As for scanning, the smaller the negative means that you'll need a better scanner. Based on my experience, I would use drum-scanned MF up to 48 inches. 4x5 is better quality, 8x10 is better quality yet. If you use 8x10, then you can also use an Epson 700 or 750 scanner. These will get reasonably good detail from the negative. There is a scanner comparison page here where you can match up scanners for comparison.

Come to think of it, since you're next door to Venezuela, is there a lab there that can develop color for you?

27-Feb-2011, 19:43
Was just thinking that MF won't get me to where I want to be, so might as well stick with the lesser (easier and cheaper) of 2 evils (in this case). Kinda like sticking with your old car, rather than buying a new Toyota, when you really want a Ferrari :). But, you are right, physically, 6x7 isn't that much smaller than 4x5, but since starting this thread, I've graduated from 4x5 to 8x10 :)

With the Jobo drum, seems like a good idea (I've seen this on Vimeo as well), but I just wanted to make sure I minimized the potential for mistakes (by automating as much as possible, especially the temperture). May be overkill to get the whole thing. I'd rather send a negative to the US than Venezuela. Not for any other reason than I would have to find someone reliable who could recommend a good lab that would do mail in processing. For the US and UK, you can see those endorsements online all the time.

I've never done anything of this scale before photographically, and it will be a big gamble. I don't expect any financial reward, but I'll be so disappointed if I can't pull this off in the way I intend to (forget the large prints for now). I really want to get these images out of my mind on onto paper as exactly as the laws of reality allow. I can't paint or write, so photography is the only way I can show it to people. It may be that no one wants to see it, but once I transfer my vision to paper, I'd be happy regardless. So, as long as my pursuit for a larger negative doesn't detract from my primary aim, I'll pursue it just because it provides more options later. If it starts to interfere (cost, quality, etc.), then I'll revert to 35mm.

So, I guess its settled then? 8x10 view camera!

I've seen some recommendations for view cameras in the thread (thanks!), but, I'll go and do some reading first to make sure I understand what I'll need and why before asking about any specific gear to buy. The local library has copies of Ansel Adams' books, and they also have a few other view camera books from yonder years (good thing the technology hasn't changed much).

Thanks all for the help and I'll be back soon!

28-Feb-2011, 20:26
The difference between 35mm and 4x5 is like the difference between a toy piano and a Steinway. If you are shooting in a studio only, an 8x10 might work for you. If shooting at different locations, a 4x5 would be a lot easier to work with and more economical. Modern lenses have Copal shutters, and you can attach CyberSync etc. triggers to pop the monolights. Don't forget that LF has much less DoF than 35mm, but that might actually be an advantage for portraits.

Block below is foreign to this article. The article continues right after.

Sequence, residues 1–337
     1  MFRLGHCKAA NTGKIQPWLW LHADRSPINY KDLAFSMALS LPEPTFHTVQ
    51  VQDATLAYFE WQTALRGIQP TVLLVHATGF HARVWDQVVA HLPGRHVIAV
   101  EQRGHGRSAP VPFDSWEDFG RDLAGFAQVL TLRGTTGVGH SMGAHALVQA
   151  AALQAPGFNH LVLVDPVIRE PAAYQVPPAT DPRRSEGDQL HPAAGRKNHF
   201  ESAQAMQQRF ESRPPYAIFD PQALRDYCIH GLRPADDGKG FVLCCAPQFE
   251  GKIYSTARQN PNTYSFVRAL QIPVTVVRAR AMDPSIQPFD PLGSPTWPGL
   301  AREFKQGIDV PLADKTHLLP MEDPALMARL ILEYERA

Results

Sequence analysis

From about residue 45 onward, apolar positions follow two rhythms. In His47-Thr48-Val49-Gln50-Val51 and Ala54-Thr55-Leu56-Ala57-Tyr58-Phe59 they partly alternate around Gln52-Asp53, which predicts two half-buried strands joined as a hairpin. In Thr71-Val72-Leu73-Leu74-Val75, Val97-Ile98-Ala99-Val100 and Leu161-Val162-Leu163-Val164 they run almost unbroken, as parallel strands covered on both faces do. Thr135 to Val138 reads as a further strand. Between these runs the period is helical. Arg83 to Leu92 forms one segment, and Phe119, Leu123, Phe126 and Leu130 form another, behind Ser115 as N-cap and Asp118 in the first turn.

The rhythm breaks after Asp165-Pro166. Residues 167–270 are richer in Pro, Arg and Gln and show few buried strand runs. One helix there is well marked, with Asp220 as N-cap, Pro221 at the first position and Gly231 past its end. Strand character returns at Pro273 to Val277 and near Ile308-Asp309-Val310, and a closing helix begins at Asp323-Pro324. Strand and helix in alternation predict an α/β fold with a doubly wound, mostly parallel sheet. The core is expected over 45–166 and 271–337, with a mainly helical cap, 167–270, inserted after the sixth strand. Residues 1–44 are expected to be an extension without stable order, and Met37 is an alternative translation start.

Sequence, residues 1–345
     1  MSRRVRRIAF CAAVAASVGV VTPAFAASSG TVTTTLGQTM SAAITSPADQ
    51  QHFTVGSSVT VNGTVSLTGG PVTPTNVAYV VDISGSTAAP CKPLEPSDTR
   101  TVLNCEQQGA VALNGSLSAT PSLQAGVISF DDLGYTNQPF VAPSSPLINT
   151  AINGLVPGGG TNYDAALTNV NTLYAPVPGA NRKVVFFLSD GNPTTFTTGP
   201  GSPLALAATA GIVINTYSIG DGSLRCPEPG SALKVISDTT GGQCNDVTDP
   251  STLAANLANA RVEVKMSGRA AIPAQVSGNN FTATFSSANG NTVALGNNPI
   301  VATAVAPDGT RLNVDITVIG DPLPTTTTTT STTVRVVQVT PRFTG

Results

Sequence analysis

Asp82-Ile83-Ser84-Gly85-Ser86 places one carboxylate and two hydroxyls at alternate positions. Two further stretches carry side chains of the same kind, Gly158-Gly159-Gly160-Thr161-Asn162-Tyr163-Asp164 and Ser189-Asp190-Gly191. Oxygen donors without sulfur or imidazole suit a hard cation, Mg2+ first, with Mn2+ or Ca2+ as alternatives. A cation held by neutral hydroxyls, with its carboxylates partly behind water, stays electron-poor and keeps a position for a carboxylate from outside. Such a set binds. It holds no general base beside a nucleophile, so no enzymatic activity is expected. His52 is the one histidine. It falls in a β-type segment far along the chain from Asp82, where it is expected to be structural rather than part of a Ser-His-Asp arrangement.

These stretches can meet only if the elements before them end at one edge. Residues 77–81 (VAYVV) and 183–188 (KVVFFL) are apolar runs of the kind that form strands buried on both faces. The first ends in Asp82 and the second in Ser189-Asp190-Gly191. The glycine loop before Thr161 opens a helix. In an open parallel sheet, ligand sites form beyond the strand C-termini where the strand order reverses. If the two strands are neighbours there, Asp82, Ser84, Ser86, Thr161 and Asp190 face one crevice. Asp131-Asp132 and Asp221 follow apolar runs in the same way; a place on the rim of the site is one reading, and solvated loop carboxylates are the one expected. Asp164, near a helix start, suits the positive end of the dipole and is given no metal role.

Kent in SD

Greg Gibbons
28-Feb-2011, 23:26
Well, I'm not a pro, but I am an engineer, so maybe my two cents is worth a little. I've also shot digital, 6x7 and 4x5 and 35mm. If you successfully get the resolution you want out of 35mm at 20x30", then 6x7 is roughly the same resolution at 40X60. That's nearly life-size, which is what you said you wanted. IMHO, 35mm doesn't really print without grain quite that big, but you know what you currently get and what you want.

4X5 is nearly double each dimension again over 6x7, so you can get either the same resolution you're getting from 35mm 20x30, but now at 80"X 120". Or, you could get better definition, grain, detail, and gradations at four feet by 5 feet.

That's just the engineering bit. The practical bit is that with sheet film, it's easy to take 2 shots of the same thing, and keep one in reserve. Send one shot off to a lab in the States without worrying, because you have a backup even if they screw it up. If you clearly label it photographic film, I doubt you'd have a problem, although you might have extra insurance if you used Quickloads, which ARE still available. (They are individually wrapped, so to speak).

Yes, you can shoot a billboard on 6x7 film. Ever seen a billboard up close? It's one of those things where you can't even tell what you're looking at other than a bunch of colored dots. It doesn't sound like you plan to make people stand 30 feet away from your prints.

3-Mar-2011, 08:57
well, 20x30 isn't really that good if you print it straight out of camera (at say 180 PPI). You have to do a bit of post-processing (up-rez, noise reduction, sharpening, etc.) before it looks passable, and even then, you have to print on a textured paper to hide any small artifacts (but to most viewers who aren't photographers, the pictures will still look really good). This was my approach, and mileage varies a lot, and I'm no expert on print quality either.

David de Gruyl
3-Mar-2011, 09:16
One thing I can say: My 8x10 camera is (without a doubt) one of the cheapest camera systems that I own. The whole kit could be had for ~$700, including the lens and tripod.